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We eat food and which is digested into proteins and carbohydrates.

Does digestion break bonds within food macro molecules and decreases free energy? Why, when looking at curve, do we see an increase in the free energy and then a decrease?


1 Answer 1


Kinetics and thermodynamics are two separate things. The type of diagram you show is often encountered (even in textbooks) because it is thought to be a convenient hand-weaving way to convey a feeling of what is happening. However it is not correct as it mixes two different views: the microscopic molecular view (horizontal axis) and the macroscopic thermodynamic view (vertical axis).

The result is a misleading idea that the (molar?) Gibbs free energy (of what ???) can go up (event temporarily) along a spontaneous reaction. However for a spontaneous process (and "spontaneous" is key here) the Gibbs free energy of a system can never increase.

What can increase is the potential energy of a molecular system of the reacting molecules along a reaction path, which is what the vertical axis should represent. In which case the graph would represent a potential-energy profile. But defining a thermodynamic property like a molar Gibbs free energy for a single molecular entity has no meaning.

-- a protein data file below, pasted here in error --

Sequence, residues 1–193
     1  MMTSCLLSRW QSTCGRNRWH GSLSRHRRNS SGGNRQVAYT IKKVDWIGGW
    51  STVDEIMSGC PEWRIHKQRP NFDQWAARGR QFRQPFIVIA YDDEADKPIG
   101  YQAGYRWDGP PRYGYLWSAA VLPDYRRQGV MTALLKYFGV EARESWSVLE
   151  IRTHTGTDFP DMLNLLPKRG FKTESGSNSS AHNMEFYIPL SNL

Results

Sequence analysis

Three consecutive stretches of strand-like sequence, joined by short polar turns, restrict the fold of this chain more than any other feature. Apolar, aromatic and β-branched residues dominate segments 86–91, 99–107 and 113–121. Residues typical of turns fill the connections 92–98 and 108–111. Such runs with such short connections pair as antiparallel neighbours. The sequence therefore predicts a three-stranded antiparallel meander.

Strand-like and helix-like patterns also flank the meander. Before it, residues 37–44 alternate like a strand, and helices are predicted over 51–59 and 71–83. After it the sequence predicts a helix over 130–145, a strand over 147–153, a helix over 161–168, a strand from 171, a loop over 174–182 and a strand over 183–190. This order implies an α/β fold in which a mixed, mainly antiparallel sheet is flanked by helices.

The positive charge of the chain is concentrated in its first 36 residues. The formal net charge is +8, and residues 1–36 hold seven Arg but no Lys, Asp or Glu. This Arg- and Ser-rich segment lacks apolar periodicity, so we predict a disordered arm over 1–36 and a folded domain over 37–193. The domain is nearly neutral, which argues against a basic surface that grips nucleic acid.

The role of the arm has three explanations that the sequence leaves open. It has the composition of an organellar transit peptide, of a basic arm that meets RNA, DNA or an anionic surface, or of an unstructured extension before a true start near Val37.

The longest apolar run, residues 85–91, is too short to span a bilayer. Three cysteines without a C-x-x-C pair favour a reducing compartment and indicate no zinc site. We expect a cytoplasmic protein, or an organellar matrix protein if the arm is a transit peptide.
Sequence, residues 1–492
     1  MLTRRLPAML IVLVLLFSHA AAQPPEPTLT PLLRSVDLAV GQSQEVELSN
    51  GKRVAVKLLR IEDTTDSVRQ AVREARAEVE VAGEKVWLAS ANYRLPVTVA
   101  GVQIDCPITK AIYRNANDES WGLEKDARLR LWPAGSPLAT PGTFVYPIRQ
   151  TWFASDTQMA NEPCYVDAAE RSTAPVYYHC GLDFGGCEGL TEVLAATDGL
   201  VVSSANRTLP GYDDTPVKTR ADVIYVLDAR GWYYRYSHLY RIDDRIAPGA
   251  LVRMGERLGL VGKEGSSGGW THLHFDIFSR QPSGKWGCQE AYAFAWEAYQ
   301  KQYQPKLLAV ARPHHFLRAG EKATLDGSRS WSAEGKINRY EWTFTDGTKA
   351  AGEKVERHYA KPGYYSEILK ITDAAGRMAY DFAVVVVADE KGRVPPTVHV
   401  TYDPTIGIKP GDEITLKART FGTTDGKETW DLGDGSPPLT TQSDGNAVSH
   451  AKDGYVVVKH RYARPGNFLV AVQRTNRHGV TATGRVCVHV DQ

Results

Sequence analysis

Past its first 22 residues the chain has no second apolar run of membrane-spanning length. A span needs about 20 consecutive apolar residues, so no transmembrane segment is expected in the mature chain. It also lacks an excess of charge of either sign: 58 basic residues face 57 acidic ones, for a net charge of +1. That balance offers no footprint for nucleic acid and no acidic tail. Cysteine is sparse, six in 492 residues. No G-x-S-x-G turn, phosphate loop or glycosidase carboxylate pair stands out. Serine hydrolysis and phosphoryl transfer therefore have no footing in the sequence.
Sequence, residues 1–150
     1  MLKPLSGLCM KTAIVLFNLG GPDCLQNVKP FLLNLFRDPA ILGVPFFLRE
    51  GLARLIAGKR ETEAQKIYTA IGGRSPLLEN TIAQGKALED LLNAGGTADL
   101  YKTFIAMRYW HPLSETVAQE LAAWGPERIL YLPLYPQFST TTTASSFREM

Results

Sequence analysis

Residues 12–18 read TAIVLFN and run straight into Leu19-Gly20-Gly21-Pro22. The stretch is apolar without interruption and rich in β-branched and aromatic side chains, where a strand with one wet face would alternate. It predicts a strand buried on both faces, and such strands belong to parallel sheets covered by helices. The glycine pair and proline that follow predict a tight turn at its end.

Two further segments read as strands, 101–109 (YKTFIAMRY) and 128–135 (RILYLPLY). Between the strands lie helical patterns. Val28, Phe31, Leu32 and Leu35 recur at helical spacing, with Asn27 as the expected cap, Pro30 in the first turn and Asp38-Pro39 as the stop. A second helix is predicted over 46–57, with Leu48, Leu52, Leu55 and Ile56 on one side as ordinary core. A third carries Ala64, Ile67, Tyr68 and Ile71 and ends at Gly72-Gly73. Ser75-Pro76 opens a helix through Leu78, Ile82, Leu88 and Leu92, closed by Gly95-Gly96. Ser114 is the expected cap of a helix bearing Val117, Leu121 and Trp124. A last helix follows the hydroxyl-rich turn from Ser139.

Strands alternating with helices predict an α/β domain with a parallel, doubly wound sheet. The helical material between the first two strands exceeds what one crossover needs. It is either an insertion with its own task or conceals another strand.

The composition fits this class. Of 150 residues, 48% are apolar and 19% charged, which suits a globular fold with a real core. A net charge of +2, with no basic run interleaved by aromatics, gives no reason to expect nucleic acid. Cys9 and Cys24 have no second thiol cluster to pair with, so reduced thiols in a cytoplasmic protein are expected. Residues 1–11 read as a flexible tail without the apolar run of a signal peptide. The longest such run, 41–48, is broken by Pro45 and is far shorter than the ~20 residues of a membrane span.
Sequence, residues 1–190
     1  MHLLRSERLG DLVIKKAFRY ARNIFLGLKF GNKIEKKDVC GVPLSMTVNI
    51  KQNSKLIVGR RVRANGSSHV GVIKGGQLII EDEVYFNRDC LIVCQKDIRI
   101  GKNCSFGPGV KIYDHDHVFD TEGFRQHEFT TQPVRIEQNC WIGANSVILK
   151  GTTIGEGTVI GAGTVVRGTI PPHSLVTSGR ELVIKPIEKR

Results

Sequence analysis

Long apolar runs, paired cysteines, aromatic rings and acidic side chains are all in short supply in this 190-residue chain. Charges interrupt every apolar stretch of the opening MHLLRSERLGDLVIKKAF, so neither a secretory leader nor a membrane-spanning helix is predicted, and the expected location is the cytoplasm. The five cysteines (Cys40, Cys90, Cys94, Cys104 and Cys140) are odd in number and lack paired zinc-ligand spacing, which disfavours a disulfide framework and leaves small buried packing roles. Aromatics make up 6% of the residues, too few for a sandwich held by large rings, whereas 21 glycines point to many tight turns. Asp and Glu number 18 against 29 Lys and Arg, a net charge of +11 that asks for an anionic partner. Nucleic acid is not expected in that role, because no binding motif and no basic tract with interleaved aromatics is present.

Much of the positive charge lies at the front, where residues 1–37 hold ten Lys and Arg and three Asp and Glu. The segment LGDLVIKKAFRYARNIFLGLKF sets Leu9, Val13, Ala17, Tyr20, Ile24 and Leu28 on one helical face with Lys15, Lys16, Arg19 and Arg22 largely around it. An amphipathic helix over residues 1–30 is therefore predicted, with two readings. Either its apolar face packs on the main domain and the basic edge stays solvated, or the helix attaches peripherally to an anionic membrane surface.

One might argue that considered as a chemical species, the transition state at the top of the curve (generally called the "activated complex") is obviously unstable and, considered collectively (i.e. macroscopically) must have a higher molar Gibbs free energy (at any specific time during the reaction). However, this is only partially true: it has a higher molar Gibbs free than the product towards which the flux of matter goes, but it necessarily has a lower molar Gibbs free energy than the reactants that are consumed (else the reactants would never form the said activated complex). Also, at the end of the reaction, when equilibrium is reached, all species have equal molar Gibbs free energy so that the Gibbs free energy of reaction is null ($\Delta_r G = 0$).

An alternative, really thermodynamic diagram is sometimes represented: the Gibbs energy diagram. In such diagram, the Gibbs energy of the successive species might appear to go up and down. But one should be careful of the impression given because such diagrams actually represent the standard Gibbs energies of the reactants, which is not their Gibbs free energy in any arbitrary state, and especially not necessarily their Gibbs free energy in the condition of the reaction considered.


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